The sketch of the bridge with which Joris Ivens’s silent documentary The Bridge begins is followed by shots of Ivens filming the realized drawbridge and the actual use of this Rotterdam bridge—this, bringing to fruition an engineer’s design and a filmmaker’s film. Most of those we see are specks from the vantage of the bridge’s heighth; yet the film pulsates with humanity, because the prologue implies the human creativity operating behind both bridge and the camera filming it.
There are five movements to this 12-minute film: the partial movement of a locomotive across the bridge; the interruption of this movement by the raising of the drawbridge; the passage below of ships; the lowering of the drawbridge; the train’s resumption.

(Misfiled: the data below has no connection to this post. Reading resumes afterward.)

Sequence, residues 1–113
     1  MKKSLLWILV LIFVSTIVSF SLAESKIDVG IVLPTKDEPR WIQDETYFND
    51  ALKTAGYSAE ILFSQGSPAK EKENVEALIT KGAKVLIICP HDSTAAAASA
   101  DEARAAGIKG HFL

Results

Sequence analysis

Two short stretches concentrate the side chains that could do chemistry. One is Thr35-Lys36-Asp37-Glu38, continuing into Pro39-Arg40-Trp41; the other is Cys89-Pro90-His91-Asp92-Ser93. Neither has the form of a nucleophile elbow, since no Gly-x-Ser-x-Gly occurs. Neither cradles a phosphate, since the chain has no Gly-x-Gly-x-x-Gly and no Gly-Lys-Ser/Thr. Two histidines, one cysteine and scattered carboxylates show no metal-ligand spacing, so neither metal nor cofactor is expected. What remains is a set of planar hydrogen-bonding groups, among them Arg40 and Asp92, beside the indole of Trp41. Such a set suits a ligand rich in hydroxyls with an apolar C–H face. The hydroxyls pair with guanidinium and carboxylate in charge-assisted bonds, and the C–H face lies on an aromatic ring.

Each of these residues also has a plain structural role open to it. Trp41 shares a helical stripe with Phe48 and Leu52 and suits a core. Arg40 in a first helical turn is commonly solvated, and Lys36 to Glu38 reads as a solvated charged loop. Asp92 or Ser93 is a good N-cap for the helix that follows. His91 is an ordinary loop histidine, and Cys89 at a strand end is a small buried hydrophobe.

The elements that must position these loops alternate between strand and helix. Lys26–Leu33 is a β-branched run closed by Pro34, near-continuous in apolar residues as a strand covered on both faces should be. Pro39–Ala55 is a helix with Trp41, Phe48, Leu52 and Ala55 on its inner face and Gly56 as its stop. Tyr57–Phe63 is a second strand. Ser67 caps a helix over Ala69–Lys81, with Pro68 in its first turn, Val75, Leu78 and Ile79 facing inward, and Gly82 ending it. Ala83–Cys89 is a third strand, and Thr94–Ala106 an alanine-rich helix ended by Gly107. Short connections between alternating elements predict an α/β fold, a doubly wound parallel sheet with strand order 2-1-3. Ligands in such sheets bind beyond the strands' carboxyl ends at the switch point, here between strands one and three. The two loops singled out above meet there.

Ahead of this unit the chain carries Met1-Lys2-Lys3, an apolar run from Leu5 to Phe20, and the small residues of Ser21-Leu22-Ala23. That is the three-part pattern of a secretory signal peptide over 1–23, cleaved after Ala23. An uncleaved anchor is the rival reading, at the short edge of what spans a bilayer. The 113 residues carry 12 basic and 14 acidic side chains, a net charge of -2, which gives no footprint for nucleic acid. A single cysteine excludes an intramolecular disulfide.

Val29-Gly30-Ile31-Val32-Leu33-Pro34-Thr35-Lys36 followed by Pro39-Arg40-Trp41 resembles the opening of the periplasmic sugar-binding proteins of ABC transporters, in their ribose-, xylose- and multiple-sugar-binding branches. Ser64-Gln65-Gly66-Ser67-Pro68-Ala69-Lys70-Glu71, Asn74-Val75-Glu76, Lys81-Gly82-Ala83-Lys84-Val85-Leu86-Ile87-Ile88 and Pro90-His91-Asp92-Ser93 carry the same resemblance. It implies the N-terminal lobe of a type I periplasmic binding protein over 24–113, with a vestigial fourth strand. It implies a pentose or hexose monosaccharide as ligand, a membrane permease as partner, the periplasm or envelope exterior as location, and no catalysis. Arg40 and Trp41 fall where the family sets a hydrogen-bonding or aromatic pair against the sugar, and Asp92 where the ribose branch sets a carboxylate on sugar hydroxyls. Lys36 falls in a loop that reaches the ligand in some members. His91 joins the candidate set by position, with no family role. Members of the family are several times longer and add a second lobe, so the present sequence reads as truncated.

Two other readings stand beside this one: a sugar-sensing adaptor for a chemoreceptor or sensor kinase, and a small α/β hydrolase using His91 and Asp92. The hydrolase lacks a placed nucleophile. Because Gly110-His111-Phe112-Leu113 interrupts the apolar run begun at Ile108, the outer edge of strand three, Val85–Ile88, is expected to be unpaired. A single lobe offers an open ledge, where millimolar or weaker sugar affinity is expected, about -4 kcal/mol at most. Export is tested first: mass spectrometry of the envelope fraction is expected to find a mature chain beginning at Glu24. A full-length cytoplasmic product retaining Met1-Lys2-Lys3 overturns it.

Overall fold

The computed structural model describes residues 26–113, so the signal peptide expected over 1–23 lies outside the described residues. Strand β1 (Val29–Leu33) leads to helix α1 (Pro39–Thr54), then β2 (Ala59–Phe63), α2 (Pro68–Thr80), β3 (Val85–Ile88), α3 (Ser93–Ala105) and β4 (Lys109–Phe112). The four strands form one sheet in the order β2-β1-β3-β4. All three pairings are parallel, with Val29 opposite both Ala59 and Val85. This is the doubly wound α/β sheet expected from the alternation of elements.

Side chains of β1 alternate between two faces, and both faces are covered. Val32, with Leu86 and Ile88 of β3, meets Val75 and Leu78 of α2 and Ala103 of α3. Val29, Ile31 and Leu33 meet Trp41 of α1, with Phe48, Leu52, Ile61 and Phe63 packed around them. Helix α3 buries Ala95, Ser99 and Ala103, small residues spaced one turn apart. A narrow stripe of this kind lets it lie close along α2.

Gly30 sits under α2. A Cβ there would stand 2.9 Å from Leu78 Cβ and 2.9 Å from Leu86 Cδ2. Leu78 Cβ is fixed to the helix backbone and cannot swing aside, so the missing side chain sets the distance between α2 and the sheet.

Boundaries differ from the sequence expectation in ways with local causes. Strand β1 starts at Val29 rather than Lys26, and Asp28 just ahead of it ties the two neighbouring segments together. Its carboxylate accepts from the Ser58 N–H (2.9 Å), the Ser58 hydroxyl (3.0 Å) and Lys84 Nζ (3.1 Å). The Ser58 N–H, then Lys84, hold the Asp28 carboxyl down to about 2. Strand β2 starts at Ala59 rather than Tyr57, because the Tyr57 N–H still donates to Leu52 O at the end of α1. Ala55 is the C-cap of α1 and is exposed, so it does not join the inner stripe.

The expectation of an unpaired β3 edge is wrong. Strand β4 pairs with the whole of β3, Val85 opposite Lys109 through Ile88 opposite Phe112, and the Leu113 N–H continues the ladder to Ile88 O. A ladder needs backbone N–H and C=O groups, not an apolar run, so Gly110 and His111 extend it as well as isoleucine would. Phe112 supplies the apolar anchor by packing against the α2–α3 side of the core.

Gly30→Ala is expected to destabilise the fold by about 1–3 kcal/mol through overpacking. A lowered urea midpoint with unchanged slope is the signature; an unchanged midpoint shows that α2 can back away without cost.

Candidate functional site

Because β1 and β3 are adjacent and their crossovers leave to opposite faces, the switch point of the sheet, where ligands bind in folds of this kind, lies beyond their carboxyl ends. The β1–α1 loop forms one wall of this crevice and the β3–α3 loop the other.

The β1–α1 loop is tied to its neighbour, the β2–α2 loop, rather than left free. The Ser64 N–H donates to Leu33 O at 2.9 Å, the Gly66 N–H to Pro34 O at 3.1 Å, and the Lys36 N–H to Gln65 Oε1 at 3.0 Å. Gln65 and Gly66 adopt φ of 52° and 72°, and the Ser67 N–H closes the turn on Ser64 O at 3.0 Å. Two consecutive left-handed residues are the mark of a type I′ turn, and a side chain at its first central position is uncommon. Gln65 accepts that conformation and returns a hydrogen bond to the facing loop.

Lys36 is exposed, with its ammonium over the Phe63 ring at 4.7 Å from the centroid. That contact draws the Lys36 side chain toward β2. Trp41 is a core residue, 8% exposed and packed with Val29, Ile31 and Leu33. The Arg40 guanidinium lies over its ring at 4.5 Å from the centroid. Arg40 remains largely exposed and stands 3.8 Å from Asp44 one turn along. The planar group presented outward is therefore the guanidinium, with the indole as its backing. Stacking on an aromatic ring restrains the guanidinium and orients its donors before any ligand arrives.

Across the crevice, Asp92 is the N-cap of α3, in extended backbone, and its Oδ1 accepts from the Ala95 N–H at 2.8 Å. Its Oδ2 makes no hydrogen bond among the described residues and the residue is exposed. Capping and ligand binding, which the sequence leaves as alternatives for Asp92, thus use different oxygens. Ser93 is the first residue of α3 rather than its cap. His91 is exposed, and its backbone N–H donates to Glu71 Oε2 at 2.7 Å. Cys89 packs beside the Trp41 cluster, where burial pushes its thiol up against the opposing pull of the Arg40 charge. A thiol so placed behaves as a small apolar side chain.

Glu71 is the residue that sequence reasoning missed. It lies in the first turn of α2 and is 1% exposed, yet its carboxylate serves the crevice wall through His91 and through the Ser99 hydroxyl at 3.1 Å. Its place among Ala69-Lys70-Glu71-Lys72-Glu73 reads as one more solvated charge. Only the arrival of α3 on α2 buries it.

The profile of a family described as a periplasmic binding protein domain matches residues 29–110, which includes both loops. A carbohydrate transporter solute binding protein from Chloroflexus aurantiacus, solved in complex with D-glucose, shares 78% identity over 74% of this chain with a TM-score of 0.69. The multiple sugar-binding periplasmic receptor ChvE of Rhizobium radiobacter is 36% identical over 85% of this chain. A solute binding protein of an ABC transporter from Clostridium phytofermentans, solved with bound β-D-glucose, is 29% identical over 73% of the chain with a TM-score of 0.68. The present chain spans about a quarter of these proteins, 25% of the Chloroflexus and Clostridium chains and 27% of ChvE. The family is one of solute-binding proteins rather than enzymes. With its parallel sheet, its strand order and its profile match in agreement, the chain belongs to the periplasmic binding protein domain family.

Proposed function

This is a measured film so that the camera can take in everything, including everything mechanical and everything in motion—and from such a variety of angles that we sometimes cannot make out precisely what we are looking at, which becomes plain enough with a shift of the camera. Around the operations of bridge and train, therefore, the film conjoins the familiar and the unfamiliar, the functional and the abstract. The film ends with a touch of the avant-garde: on a white background a black square that, shot by shot, appears to approach or recede as the size of the square being photographed shifts.
Above all, Ivens has created a masterpiece of poise. The train is poised to stop; the bridge is poised to rise. The train is poised to resume; the bridge is poised to descend. However, the greatest instance of poise involves a cut: an overhead long-shot of a ship passing through is cut away from at the exact moment the uppermost tip of the mast clears.
Life’s movement, poised to sometime stop.
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